Twitch: Engaging your target market via Influencers

by: David Gugliotti
www.linkedin.com/in/DavidGMBA

Twitch is currently one of the largest streaming platforms in the world. Primarily catering to gamers and esports, Twitch has expanded into music, culinary, art, TV shows, Talk shows, IRL Streams, and even the NFL.

Twitch is unique in the fact that every channel has a live chat room built into it where users can converse with the streamer directly. This creates an unprecedented level of connection and interaction that traditional media cannot reach. Many Twitch streamers are considered major influencers and celebrities in their respective audiences.

Some high-level Twitch streamers such as Summit, Pokimane, Shroud, and Sneaky, pull in thousands of viewers and thus, have attracted lucrative sponsorship deals from various entities. As an example, Pokimane, an extremely popular streamer who has won various awards that primarily plays League of Legends and Fortnite, peaked at over 77,000 concurrent viewers for her 1 hour long sponsored stream by the NFL at the Pro-Bowl, has over 3 million subscribers to her YouTube channel, and over 3 million followers on Instagram. There are a slew of other streamers with large communities that consume hours of content by these individuals daily.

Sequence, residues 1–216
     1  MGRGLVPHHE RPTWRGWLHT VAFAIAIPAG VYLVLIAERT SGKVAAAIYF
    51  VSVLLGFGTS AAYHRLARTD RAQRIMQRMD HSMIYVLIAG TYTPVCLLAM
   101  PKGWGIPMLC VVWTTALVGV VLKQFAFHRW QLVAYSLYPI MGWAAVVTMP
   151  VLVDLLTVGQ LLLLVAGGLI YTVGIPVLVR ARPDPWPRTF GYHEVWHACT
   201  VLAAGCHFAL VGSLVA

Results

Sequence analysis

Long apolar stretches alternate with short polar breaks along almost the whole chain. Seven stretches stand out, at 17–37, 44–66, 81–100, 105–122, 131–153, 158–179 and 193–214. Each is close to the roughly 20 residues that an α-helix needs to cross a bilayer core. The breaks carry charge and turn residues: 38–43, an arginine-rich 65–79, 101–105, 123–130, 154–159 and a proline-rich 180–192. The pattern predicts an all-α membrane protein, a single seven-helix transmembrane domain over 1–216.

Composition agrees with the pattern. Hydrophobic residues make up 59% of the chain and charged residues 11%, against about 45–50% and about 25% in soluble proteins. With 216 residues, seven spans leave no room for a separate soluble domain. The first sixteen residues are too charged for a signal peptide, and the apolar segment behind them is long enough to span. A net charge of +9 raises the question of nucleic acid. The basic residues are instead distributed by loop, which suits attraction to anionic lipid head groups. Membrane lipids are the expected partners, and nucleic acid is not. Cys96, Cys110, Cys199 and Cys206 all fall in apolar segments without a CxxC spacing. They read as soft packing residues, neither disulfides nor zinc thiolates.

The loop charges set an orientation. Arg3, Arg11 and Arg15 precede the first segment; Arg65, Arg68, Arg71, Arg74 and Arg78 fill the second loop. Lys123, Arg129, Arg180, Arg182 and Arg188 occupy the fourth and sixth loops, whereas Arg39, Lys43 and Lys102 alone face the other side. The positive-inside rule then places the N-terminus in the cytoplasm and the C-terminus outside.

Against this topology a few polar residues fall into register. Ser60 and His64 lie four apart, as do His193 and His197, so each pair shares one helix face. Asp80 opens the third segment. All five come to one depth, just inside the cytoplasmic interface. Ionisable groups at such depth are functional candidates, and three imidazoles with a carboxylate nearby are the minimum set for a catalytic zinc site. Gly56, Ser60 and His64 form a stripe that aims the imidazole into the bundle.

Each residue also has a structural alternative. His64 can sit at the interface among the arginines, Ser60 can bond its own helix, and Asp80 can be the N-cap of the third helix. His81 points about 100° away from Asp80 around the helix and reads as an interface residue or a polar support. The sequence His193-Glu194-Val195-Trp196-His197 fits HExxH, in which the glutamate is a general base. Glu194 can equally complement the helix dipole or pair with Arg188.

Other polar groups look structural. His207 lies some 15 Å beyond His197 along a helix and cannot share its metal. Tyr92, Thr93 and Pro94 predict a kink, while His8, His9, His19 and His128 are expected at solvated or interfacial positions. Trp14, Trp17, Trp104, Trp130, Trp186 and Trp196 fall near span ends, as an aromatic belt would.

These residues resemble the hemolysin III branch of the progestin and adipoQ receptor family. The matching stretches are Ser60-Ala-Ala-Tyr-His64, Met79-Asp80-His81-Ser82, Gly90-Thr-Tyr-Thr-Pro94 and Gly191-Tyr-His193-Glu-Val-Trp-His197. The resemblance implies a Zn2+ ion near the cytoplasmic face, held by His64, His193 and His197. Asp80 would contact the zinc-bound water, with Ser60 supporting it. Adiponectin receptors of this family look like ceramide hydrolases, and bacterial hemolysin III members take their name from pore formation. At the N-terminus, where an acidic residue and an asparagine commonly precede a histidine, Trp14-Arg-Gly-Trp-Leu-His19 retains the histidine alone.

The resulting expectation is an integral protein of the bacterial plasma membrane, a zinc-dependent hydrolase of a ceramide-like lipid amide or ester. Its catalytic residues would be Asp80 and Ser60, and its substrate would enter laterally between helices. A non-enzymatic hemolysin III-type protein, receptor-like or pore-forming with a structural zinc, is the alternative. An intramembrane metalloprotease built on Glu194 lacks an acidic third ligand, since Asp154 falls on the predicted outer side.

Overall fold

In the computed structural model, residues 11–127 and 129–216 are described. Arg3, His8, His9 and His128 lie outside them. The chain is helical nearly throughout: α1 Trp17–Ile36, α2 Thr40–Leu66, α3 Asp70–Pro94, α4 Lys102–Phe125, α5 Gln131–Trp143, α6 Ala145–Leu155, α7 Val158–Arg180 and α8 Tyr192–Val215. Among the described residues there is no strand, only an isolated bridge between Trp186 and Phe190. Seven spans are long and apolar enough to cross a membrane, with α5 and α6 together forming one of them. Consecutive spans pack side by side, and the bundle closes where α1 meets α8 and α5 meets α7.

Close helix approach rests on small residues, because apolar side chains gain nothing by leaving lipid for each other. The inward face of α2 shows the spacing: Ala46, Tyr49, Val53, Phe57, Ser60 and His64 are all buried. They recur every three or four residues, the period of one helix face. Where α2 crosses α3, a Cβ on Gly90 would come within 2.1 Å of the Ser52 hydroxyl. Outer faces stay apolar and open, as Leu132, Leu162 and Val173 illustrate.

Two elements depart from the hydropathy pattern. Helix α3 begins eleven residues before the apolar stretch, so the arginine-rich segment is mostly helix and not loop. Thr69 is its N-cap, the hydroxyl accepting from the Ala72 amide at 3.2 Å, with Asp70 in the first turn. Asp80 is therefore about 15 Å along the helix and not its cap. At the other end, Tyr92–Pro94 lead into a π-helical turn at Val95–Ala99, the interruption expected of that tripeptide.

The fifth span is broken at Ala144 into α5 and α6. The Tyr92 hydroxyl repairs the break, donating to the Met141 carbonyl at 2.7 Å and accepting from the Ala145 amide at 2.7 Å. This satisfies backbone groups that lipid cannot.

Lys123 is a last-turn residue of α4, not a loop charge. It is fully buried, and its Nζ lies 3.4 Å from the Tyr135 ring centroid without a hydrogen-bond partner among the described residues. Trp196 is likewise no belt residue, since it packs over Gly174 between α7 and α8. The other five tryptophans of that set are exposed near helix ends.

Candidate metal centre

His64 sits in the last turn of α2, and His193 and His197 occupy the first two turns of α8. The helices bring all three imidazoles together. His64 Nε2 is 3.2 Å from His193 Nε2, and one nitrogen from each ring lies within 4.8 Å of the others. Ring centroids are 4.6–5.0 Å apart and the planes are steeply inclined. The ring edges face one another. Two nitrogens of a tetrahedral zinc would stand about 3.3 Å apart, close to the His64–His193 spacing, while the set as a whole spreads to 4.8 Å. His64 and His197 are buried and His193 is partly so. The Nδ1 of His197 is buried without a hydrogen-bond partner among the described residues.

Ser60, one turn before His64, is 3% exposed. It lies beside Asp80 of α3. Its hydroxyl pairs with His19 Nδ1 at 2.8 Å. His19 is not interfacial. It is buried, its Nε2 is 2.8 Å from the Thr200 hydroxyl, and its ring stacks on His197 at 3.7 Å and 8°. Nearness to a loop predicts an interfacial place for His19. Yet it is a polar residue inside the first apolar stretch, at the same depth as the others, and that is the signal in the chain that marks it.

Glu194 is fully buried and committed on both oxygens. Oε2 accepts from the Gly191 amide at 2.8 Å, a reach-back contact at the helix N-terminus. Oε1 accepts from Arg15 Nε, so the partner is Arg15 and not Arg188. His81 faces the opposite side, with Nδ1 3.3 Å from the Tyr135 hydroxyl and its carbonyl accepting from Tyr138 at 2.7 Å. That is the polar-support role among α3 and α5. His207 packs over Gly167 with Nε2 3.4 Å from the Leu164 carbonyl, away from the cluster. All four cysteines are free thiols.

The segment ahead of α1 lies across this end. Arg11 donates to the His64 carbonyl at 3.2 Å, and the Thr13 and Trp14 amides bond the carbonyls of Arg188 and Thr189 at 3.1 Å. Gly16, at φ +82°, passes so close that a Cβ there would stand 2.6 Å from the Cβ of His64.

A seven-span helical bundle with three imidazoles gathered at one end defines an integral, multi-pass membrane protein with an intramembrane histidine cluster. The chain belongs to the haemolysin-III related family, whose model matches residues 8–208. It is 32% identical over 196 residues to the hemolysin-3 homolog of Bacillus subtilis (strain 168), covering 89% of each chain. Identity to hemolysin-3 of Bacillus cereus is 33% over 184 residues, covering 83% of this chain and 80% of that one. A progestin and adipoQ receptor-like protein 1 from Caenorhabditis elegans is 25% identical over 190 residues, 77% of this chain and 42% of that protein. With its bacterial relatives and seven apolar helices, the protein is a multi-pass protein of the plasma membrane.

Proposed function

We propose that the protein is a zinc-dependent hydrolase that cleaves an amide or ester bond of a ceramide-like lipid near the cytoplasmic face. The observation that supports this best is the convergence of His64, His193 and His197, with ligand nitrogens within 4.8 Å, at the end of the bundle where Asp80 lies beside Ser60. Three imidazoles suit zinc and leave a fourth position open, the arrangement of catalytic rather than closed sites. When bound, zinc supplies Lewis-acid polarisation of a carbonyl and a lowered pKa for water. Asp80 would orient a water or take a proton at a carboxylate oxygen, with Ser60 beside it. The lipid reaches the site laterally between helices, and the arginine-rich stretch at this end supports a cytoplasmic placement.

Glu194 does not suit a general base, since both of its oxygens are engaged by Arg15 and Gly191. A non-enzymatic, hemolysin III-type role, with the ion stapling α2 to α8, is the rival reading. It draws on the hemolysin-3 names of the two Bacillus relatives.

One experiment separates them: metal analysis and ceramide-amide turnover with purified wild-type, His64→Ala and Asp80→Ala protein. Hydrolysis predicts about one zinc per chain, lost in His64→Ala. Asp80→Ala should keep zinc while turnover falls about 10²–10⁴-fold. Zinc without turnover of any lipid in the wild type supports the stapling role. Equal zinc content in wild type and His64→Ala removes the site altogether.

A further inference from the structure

Though most companies sponsoring Twitch streamers are endemic to gaming such as, iBUYPOWER or Logitech, non-endemic companies are jumping in such as Geico, Chipotle, Dr Pepper, GrubHub, and others.

These companies value the fact that streamers have a unique relationship with their viewers which presents a high confidence level in the authenticity of the streamer’s recommendations. In fact, should a streamer do a “sponsored stream” the regulations of Twitch force the streamer to say so in the title of the stream. Similar rules (sometimes unwritten but applied for the sake of authenticity) apply for social media channels of the streamers as well.

So if a company wants to connect directly with a highly engaged audience that skews younger, higher educated, from a lucrative household, and that values authenticity, they could do much worse than looking into sponsoring a streamer.

This Article Has 2 Comments
  1. TJ Mccourt says:

    Oh, I have been missing out on so much without Twitch! It is interesting that authenticity is increased with streamers, maybe because it’s live and the ability to edit is removed. People see the actual person under stress. Hmm.

  2. Holly Walden says:

    David,

    I am not a gamer and have not used Twitch before but it seems like a great way to sell the younger generation. But that kind of worries me because is it ethical to target the younger demographic? How old is old enough to sell things to young people? In different countries it is illegal to target youth for ads and such. Should the United States think about doing something like this?

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